22. The method of claim 19, wherein:
one PHY receiver of the plurality of PHY receivers is an IEEE 802.11b operable PHY receiver; and
one PHY receiver of the plurality of PHY receivers is an IEEE 802.11g operable PHY receiver.
23. The method of claim 19, further comprising:
before processing the received frame using the intended PHY receiver, performing gain control to scale the received frame to a range that is appropriate for the intended PHY receiver.
24. The method of claim 19, further comprising:
before processing the received frame using the intended PHY receiver, performing gain control using a first gain to scale the received frame to a range that is appropriate for a majority of the PHY receivers; and wherein:
the processing the received frame using the intended PHY receiver includes performing gain control using a second gain to scale the received frame to a range that is appropriate for the intended PHY receiver.
25. The method of claim 19, wherein:
each PHY receiver of the plurality of PHY receivers supports a false claim percentage that is less than a demodulation error rate of any PHY receiver of the plurality of PHY receivers.
26. The method of claim 19, further comprising:
selectively providing the corresponding confidence levels to the classifier from those PHY receivers that assert claims to the classifier; and wherein:
when 2 or more PHY receivers of the plurality of PHY receivers assert claims to the classifier, arbitrating the claims, the arbitrating of the claims involves employing arbitration rules that consider the provided confidence levels.
27. The method of claim 19, further comprising:
calculating an energy of the received frame.
28. The method of claim 19, further comprising:
calculating an energy of the received frame;
determining whether the energy of the received frame is above an energy threshold;
when the energy of the received frame is above the energy threshold, asserting an ED (Energy Detect) claim to the classifier.
29. The method of claim 19, further comprising:
calculating an energy of the received frame;
determining whether the energy of the received frame is above an energy threshold;
when the energy of the received frame is above the energy threshold, asserting an ED (Energy Detect) claim to the classifier; and
when no PHY receiver of the plurality of PHY receivers asserts a claim to the classifier and when the ED claim is asserted to the classifier, asserting an ED select signal to each PHY receiver of a plurality of PHY receivers.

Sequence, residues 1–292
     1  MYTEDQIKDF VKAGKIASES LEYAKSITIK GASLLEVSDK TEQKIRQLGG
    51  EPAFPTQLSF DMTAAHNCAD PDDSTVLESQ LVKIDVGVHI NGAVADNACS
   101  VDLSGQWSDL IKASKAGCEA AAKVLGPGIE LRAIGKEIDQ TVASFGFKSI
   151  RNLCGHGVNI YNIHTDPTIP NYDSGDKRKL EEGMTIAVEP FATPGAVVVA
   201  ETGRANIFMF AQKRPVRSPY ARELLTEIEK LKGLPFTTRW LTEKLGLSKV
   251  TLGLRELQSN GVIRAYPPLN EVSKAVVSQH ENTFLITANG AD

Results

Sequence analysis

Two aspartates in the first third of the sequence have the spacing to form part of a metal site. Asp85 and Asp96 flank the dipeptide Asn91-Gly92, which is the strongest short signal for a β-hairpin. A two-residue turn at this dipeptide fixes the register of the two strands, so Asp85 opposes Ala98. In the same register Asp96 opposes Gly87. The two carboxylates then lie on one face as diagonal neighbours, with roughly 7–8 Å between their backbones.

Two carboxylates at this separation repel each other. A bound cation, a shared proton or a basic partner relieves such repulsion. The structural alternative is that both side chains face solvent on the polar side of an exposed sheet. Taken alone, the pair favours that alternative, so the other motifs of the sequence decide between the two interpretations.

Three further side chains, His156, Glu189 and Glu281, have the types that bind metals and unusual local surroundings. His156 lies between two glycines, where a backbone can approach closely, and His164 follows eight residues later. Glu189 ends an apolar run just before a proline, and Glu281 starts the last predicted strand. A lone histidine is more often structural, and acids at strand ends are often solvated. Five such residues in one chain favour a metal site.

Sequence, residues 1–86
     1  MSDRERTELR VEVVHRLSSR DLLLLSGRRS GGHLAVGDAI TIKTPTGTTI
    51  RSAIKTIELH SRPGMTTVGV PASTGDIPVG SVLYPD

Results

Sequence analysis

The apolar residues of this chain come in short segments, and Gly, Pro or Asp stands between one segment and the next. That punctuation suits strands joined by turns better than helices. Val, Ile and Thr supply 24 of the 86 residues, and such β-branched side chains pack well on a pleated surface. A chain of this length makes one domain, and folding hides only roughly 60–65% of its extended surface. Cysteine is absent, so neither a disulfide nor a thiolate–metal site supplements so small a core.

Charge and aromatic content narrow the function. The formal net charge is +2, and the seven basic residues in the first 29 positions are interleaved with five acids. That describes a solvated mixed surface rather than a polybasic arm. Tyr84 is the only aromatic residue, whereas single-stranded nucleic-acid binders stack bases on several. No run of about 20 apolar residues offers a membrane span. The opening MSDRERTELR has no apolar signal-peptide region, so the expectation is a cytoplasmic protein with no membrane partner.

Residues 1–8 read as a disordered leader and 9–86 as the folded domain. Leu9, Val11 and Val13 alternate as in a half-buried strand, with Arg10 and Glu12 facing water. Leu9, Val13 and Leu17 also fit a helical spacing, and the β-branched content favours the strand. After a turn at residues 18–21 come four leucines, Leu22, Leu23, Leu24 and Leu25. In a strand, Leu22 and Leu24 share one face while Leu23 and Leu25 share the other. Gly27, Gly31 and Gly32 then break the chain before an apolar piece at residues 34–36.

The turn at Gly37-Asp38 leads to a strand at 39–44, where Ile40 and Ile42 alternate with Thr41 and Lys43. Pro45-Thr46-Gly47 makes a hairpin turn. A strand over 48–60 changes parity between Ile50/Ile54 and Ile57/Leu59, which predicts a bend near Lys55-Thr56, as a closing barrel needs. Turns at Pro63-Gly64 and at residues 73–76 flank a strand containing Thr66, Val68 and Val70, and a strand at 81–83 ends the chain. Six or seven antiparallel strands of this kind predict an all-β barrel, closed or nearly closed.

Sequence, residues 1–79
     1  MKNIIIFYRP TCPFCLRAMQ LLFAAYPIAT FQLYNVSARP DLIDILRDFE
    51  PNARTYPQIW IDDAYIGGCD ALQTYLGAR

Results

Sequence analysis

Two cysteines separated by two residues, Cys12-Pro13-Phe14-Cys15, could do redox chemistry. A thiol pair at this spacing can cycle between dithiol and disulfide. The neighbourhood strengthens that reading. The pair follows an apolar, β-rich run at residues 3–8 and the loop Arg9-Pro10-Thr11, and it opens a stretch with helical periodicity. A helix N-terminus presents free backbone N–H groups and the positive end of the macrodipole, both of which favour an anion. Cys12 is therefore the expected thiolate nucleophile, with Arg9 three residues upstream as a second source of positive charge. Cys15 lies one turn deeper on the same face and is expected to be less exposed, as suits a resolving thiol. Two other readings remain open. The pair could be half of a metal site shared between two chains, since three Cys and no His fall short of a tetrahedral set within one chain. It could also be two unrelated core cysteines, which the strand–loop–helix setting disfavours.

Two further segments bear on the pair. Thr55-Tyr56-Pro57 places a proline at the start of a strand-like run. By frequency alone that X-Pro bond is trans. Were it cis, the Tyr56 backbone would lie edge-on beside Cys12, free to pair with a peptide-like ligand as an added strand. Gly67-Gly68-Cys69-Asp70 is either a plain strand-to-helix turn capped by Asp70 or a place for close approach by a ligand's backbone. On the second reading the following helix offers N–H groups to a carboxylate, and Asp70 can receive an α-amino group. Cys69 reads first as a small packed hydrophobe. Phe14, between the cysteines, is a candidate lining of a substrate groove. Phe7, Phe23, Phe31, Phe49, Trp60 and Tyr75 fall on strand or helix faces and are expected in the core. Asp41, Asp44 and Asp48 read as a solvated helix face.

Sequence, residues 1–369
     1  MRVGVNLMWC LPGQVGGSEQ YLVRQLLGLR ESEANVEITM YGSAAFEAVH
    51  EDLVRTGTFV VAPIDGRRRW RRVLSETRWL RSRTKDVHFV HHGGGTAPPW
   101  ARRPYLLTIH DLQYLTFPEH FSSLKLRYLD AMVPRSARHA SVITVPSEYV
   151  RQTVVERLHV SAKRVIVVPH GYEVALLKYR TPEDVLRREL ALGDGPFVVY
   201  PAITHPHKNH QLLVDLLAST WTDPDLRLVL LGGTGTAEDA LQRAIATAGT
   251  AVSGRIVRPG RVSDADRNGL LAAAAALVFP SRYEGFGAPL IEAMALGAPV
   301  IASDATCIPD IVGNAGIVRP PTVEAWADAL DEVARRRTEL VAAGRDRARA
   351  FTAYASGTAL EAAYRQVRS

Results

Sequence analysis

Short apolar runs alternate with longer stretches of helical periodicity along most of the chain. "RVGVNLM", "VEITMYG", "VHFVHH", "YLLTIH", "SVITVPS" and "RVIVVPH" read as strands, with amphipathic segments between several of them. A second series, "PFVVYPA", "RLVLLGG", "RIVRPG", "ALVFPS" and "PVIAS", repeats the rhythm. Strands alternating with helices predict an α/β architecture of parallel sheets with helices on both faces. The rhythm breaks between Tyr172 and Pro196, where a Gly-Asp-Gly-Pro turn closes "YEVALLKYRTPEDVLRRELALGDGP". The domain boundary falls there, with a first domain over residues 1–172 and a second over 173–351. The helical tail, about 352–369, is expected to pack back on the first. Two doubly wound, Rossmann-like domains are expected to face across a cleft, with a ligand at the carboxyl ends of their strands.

30. An IEEE (Institute of Electrical & Electronics Engineers) 802.11g operable device, the device comprising:
a classifier;
a DSSS/CCK (Direct Sequence Spread Spectrum with Complementary Code Keying) PHY receiver that is communicatively coupled to the classifier;
an OFDM (Orthogonal Frequency Division Multiplexing) PHY receiver that is communicatively coupled to the classifier;
wherein the device receives a frame of data;
wherein the DSSS/CCK PHY receiver performs pre-processing to compute a first correlation using the received frame and a predetermined spreading sequence of a DSSS/CCK frame;
wherein, when the first correlation exceeds a first predetermined threshold, the DSSS/CCK PHY asserts a DSSS/CCK claim to the classifier;
wherein the OFDM PHY receiver performs pre-processing to compute a second correlation using the received frame and a delayed copy of the received frame such that the delay between the received frame and the delayed copy of the received frame is a period of a training sequence of the received frame;
wherein, when the second correlation exceeds a second predetermined threshold, the OFDM PHY receiver asserts an OFDM claim to the classifier;
wherein, when the OFDM claim is asserted to the classifier and no DSSS/CCK claim is asserted to the classifier, the OFDM PHY receiver is designated as an intended PHY receiver and the classifier asserts an OFDM PHY select signal to the OFDM PHY receiver;
wherein, when the DSSS/CCK claim is asserted to the classifier and no OFDM claim is asserted to the classifier, the DSSS/CCK PHY receiver is designated as the intended PHY receiver and the classifier asserts a DSSS/CCK PHY select signal to the DSSS/CCK PHY receiver;
wherein, when both the DSSS/CCK claim and the OFDM claim are asserted to the classifier, the DSSS/CCK PHY receiver is designated as the intended PHY receiver and the classifier asserts the DSSS/CCK PHY select signal to the DSSS/CCK PHY receiver;
wherein the intended PHY receiver processes the received frame; and
wherein the intended PHY receiver asserts a PHY done signal to the classifier after finishing processing the received frame.
31. The device of claim 30, wherein:
the classifier is communicatively coupled to a plurality of higher protocol layers; and
one higher protocol layer of the plurality of higher protocol layers is either a MAC (Medium Access Controller) or a higher application layer.
32. The device of claim 30, wherein:
the DSSS/CCK PHY receiver is an IEEE 802.11b operable PHY receiver; and
the OFDM PHY receiver is an IEEE 802.11g operable PHY receiver.
33. The device of claim 30, further comprising:
a gain control functional block performing scaling of the received frame using a first gain when the DSSS/CCK PHY receiver performs pre-processing to compute the first correlation and when the OFDM PHY receiver performs pre-processing to compute the second correlation;
wherein the gain control functional block performing scaling of the received frame using a second gain when the intended PHY receiver processes the received frame;
wherein the first gain performs scaling of the received frame to a range that is appropriate for both the DSSS/CCK PHY receiver and the OFDM PHY receiver; and